Picture This XXX

In 2010, whilst making a George II reading table, I turned a wooden thumb screw to lock the adjustable column at various heights (fig. 1).

Fig. 1. Turned apple thumb screw.

In part five of the table’s construction, I mentioned the style of screw was fairly typical of the decoration on wooden and brass screws used on furniture and architectural joinery throughout the Georgian period. I recently turned up an image of a circa 1760 table with just such a thumb screw (fig. 2).

Geo_III_mahogany_reading_table_c1760_04fFig. 2. George III mahogany reading table with turned wooden thumb screw.

Jack Plane.

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About Jack Plane

Formerly from the UK, Jack is a retired antiques dealer and self-taught woodworker, now living in Australia.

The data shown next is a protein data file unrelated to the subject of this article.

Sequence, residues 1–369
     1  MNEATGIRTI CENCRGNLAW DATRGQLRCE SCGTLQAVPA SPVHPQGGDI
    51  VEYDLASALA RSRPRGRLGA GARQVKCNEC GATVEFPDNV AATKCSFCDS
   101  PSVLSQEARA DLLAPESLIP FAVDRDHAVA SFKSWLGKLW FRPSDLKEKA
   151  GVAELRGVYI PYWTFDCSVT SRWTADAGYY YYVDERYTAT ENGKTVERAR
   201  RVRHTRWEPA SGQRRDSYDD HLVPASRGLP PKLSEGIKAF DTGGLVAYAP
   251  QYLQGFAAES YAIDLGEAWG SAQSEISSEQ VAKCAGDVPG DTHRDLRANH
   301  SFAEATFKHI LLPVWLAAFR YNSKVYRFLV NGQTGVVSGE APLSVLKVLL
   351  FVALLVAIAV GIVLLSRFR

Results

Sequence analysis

This entry was posted in Antiques, Picture This and tagged , . Bookmark the permalink.

5 Responses to Picture This XXX

  1. confur says:

    Function ? The “dutch” drop seems to be able to engage the centre column securely, unless its to hold it temporarily….

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    • Jack Plane says:

      The spring-loaded Dutch drop (a frequently seen fitting on these sorts of tables) engages the perforated brass strip on the column and provides positive location. My guess is that the column became a loose fit in the pillar and the thumb screw was added to counter any tendency for the table top to sway from side to side.

      JP

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  2. confur says:

    Thought it may have been a ring in, nice butterflies, poss later ?

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  3. bsrlee says:

    A useful detail that is just visible – the upper round collar is held together by a pair of double-dovetailed ‘dutchmen’ aka butterfly keys. No nasty screws to rust or strip, no ugly end grain on wooden dowels, no worry about glue failure either.

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